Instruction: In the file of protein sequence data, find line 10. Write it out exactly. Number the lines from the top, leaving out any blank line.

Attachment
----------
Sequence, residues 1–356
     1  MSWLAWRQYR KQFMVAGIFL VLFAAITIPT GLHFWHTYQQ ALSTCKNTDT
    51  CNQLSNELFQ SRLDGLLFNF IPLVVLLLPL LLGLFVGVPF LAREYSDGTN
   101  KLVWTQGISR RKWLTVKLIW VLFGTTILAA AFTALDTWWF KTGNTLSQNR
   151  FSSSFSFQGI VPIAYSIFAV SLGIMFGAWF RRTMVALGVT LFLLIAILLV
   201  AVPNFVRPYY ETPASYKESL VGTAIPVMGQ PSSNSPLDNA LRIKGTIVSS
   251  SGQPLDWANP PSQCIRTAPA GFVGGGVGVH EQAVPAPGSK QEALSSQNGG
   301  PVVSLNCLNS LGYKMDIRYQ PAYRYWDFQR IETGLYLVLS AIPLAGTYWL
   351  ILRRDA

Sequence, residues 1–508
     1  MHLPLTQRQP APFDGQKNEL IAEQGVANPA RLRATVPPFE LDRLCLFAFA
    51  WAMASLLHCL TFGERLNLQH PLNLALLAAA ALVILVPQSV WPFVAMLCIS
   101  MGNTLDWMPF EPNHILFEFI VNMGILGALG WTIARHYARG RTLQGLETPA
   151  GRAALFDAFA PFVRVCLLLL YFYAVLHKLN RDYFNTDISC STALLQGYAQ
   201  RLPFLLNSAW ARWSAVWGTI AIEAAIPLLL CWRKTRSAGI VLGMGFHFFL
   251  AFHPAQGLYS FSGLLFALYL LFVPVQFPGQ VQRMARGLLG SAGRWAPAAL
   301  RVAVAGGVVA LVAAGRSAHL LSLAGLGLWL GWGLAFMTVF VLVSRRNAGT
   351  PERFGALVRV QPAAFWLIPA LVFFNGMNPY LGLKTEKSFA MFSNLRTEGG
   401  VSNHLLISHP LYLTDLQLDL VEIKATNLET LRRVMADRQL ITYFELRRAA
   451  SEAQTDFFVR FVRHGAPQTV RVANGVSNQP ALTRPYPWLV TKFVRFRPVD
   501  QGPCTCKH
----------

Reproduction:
Sequence, residues 1–508